- Florida board member shocks with ‘Heil Hitler’ salute at town meeting
- Bill O’Reilly, Chris Matthews inducted into Irish America Hall of Fame
- Military given ‘execute order’ by Obama for secret cyber mission in June
- College group’s diversity event canceled after excluding white people
- Cops: 2 shoot up heroin as kids play at McDonald’s
- Drug charges against husband of Va. daycare owner
- USS Kidd sent to Indian Ocean after ‘indication’ of Malaysian jet crash
- Vertical Group trader jumps in front of commuter train: report
- Brazilian goalkeeper who ordered girlfriend’s murder may be released to play soccer
- Harlem explosion death toll rises to 7; some still missing
Latest Christine Lagarde Items
In her first major speech of the new year, International Monetary Fund chief Christine Lagarde on Thursday called for "all sides to pull together" in Washington to solve the country's debt and growth problems, saying the world's leading economies must follow through on fiscal and market reforms to avoid slipping back into recession.
Global financial ministers called Saturday for quick and effective action to safeguard faltering economic growth and rebuild shaken confidence as they ended an annual meeting of the International Monetary Fund.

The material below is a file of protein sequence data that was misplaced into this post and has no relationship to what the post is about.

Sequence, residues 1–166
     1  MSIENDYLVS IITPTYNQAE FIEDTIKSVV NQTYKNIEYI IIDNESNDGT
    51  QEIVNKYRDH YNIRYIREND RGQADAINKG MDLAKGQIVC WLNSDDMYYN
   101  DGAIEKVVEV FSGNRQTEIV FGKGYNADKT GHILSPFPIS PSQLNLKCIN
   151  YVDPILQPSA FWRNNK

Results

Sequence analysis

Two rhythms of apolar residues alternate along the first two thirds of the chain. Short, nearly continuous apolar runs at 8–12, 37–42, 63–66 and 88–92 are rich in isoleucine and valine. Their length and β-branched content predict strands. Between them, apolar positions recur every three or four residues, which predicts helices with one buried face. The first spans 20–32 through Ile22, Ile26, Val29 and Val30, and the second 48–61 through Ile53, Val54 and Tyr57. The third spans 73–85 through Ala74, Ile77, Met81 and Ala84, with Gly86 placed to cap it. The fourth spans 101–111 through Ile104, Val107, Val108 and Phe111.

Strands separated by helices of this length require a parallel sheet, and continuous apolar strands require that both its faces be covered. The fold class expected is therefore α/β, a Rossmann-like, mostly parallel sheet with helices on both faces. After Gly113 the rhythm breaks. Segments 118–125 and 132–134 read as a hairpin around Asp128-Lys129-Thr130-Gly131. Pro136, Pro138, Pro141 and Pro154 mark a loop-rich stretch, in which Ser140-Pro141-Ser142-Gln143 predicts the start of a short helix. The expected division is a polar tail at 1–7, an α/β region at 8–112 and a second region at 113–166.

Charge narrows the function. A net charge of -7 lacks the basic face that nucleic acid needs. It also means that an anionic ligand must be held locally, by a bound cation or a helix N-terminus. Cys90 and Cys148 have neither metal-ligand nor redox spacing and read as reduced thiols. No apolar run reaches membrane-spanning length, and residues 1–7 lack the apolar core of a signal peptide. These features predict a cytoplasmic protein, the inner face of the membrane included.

The International Monetary Fund chief on Monday encouraged U.S. policymakers to look past the "political calendars" of an election year and prevent the "fiscal cliff" from wreaking havoc on the global economy.
Just when Detroit seemed to be luring them away, Americans are embracing Japanese cars again.
Time is running out for Europe. As Spain's banking crisis deepens, politicians on the continent remain in denial. The only solutions in their mind involve borrowing or subsidies from German taxpayers. With the International Monetary Fund (IMF) acting as their enabler, Europe's high-debt countries may be able to put off the required reforms, but delaying the inevitable is taking a toll on their economies.
The head of the International Monetary Fund on Tuesday raised the possibility that Greece could leave the eurozone in an orderly fashion.
An infusion of hundreds of billions of dollars will give the International Monetary Fund a badly needed boost to tackle Europe's prolonged debt crisis. But global finance officials sent a strong message Saturday that struggling governments must speed reforms or risk spooking jittery markets and raising the economic danger.
Britain's top finance official says the International Monetary Fund will exceed $400 billion in its drive to significantly bolster its resources to deal with the European debt crisis and other financial emergencies.